Theiler, 2012) . A final area of contention for spirituality is its utility for research and
relevance to organizations (Katz & Kahn, 1978; Maslow, Stephens, & Heil, 1998;
Krishnakumar & Neck, 2002; Gross-Schaefer, 2009; Joseph & Sailakshmi, 2011; Guillen
et al., 2015). To address the confusions, it is necessary to understand the phenomenon of
workplace spirituality.
Workplace spirituality (WS) as an individual and organizational phenomenon has
long been noted in the literature (Ashmos & Duchon, 2000; Krishnakumar & Neck, 2002;
Lindholm, Astin, & Astin, 2006; Miller, 2007; Kolodinsky, Giacalone, & Jurkiewicz,
2008; Nwibere & Emecheta, 2012; Kuchinke, 2013; Benefiel, Fry, & Geigle, 2014;
Pawar, 2014; Guillen et al., 2015). WS was described in popular press as “Businessmen
on Their Knees” (Norton-Taylor, 1953) and integrated with “God and Business”
(Gunther, 2001). Many considered workplace spirituality as a potential competitive
advantage (e.g., Conlin, 1999). The underlying reasons for WS as an emerging
multidimensional phenomenon as discussed in the literature include a shift in individual
motivations, demographic changes, work culture changes, and meeting individual higher
order needs (Katz & Kahn, 1978; Ashmos & Duchon, 2000; Krishnakumar & Neck,
2002; Daniel & Chatelain-Jardon, 2015). Workplace spirituality has been discussed in
the academic realm and examined in various contexts by multiple disciplines in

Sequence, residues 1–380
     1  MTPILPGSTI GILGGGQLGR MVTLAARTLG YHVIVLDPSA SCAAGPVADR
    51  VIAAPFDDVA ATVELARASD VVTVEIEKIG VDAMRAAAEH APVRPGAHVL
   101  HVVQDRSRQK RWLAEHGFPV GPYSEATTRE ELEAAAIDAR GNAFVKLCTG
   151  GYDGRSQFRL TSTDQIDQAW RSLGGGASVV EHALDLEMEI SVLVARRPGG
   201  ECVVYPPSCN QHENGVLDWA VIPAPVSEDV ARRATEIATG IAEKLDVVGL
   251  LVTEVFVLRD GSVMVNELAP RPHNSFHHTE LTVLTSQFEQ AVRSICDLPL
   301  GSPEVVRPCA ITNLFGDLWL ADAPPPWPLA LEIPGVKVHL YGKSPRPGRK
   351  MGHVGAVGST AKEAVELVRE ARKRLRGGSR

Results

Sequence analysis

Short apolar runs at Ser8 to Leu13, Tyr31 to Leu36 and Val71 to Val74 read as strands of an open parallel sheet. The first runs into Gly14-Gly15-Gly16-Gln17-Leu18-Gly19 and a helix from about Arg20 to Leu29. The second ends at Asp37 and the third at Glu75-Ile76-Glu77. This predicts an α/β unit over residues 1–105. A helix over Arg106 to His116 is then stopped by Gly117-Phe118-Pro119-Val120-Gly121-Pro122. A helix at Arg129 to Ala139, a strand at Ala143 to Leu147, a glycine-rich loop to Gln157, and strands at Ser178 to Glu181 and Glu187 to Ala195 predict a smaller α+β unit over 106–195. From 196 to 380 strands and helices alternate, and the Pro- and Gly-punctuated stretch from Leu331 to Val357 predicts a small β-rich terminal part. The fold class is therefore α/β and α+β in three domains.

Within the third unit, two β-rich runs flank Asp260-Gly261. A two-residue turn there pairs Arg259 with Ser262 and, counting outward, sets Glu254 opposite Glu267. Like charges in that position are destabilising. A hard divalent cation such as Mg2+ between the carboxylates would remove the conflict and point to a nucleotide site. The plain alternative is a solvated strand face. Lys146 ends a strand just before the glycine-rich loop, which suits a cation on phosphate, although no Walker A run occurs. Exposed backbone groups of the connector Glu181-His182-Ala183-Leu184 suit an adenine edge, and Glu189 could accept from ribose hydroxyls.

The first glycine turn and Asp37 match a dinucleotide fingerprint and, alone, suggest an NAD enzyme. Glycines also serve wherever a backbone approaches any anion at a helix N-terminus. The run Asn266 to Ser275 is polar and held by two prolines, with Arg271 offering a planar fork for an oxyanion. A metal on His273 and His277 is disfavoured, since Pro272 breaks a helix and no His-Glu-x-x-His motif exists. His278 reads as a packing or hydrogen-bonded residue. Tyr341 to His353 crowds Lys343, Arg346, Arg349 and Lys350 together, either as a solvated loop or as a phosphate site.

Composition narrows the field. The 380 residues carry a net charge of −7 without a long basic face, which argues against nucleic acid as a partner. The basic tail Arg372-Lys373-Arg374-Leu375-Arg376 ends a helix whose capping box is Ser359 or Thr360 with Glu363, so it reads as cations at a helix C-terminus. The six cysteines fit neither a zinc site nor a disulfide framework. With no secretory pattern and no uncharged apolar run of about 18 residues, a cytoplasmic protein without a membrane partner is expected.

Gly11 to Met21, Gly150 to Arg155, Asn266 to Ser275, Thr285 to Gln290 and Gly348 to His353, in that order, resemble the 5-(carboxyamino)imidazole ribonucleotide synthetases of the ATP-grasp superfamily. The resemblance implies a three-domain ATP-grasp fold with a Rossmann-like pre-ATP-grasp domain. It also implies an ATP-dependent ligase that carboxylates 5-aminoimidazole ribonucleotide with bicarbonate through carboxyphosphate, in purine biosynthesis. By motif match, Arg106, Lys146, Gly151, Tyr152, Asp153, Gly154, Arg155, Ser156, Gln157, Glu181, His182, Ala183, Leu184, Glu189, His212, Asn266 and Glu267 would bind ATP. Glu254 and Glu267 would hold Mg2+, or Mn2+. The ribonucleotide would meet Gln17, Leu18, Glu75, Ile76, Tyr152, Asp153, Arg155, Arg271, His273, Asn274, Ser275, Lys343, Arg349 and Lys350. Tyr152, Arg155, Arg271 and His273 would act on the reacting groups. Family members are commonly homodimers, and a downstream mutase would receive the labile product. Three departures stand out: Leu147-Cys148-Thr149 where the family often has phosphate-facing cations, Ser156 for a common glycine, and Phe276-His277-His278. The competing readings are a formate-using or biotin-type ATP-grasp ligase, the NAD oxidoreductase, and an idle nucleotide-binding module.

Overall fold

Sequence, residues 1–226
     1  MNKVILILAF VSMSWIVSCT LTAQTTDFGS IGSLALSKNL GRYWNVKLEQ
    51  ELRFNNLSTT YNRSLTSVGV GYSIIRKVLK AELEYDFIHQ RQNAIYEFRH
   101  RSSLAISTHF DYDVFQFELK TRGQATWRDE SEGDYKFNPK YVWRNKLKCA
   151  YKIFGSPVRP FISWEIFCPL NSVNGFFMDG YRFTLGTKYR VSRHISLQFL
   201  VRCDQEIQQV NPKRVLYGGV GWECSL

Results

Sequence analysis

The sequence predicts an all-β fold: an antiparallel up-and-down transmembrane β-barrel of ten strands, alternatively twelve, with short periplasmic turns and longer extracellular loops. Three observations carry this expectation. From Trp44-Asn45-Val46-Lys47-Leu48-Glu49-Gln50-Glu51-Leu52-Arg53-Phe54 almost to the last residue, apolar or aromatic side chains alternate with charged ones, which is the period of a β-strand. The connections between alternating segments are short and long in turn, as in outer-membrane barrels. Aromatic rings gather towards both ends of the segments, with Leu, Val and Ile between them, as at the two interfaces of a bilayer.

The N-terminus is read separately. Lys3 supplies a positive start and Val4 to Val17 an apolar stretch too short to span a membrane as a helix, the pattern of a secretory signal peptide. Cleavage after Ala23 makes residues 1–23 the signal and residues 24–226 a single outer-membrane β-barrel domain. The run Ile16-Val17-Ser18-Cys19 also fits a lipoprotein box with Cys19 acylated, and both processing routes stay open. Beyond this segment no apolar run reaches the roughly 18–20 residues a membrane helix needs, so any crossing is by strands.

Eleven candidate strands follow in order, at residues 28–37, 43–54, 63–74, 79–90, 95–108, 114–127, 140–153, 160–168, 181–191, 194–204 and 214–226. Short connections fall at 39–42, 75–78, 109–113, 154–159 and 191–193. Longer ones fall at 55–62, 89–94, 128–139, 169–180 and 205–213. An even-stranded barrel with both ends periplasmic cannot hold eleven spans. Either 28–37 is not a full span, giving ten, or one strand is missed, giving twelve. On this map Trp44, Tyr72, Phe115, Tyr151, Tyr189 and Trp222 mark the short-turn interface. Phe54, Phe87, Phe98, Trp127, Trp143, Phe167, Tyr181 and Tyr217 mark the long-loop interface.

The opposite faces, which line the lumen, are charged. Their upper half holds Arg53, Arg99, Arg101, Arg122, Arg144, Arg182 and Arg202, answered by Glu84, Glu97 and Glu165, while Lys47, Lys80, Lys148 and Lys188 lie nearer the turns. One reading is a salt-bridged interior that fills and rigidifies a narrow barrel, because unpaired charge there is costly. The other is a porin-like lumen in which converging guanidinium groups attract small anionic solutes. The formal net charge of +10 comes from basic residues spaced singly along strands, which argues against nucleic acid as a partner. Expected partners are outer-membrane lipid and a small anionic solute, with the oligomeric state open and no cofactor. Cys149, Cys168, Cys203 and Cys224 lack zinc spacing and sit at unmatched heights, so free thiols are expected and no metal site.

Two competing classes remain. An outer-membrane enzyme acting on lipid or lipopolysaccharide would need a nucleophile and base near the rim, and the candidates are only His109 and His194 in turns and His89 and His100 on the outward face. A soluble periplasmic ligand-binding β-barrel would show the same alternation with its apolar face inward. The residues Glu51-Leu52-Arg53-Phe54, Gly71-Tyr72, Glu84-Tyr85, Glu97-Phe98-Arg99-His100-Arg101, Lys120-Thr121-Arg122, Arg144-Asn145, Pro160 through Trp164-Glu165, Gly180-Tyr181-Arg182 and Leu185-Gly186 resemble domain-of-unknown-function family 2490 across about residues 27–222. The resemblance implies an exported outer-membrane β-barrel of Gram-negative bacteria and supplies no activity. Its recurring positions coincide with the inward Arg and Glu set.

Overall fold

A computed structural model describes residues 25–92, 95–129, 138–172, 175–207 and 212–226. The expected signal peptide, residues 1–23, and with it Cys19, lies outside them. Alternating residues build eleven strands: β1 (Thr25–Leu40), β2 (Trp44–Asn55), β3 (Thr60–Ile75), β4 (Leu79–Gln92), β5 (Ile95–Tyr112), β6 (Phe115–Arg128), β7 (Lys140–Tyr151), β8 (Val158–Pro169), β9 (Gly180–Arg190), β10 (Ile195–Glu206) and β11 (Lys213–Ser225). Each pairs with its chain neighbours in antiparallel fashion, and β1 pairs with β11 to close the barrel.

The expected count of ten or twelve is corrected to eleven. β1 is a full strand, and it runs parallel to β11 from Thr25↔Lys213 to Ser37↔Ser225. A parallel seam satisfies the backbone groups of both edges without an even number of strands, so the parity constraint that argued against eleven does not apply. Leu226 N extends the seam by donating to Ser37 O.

psychology, health care, education, management and has evolved over several decades
(Katz & Kahn, 1978; McCormick, 1994; Mitroff & Denton 1999, Nash & McLennan,
3
2001; Lindholm, Astin A.,& Astin H., 2006; Miller, 2006; Kazemipour, Amin,&
Pourseidi, 2012; Benefiel et al., 2014).
As an early sign of shifting in employee motivations, Katz and Kahn (1978)
observed a change from addressing employee economic concerns into more
psychological and social needs for more meaningful participation in the organization.
Ashmos and Duchon (2000) noted that the growth of spirituality at work was caused by
the decline in neighborhoods churches and extended families as a source for people to
feel connected. Ashmos and Duchon (2000) introduced the term “Spirituality
Movement” to describe the post 1950’s phenomenon. Hicks (2003) further affirmed the
term “spirituality movement” to explain the development of WS by combining factors of
demographic and social changes influencing the United States. On the other hand,
Garcia-Zamor (2003) proposed that increased workplace spirituality was a reaction of an
unhappy U.S. employee population to corporate greed in the 1980’s. Further, Ashmos
and Duchon (2005) posited that the increase in WS was from the employee’s need to
bring their “whole self” to work including their spiritual dimensions. More recently, Fry
and Cohen (2009) proposed that the current interest in WS came from a shift in employee
work cultures resulting in longer work hours and the need for employees to focus on
maintaining well-being.
The literature generally agrees that employees no longer feel comfortable leaving
their spirituality at the door and want to bring their whole selves to work (Mitroff &
Denton, 1999; Hicks, 2003; Duchon & Plowman, 2006; Miller, 2007; Benefiel et al.,
2014). This trend has evolved to such a degree that workplace spirituality may affect the
dynamics of workplace behavior, motivation and performance outcomes (Pawar, 2009;
4
Kazemipour et al., 2012; Benefiel et al., 2014). As such, the research literature continues
to develop and explore how workplace spirituality may impact both the employee and the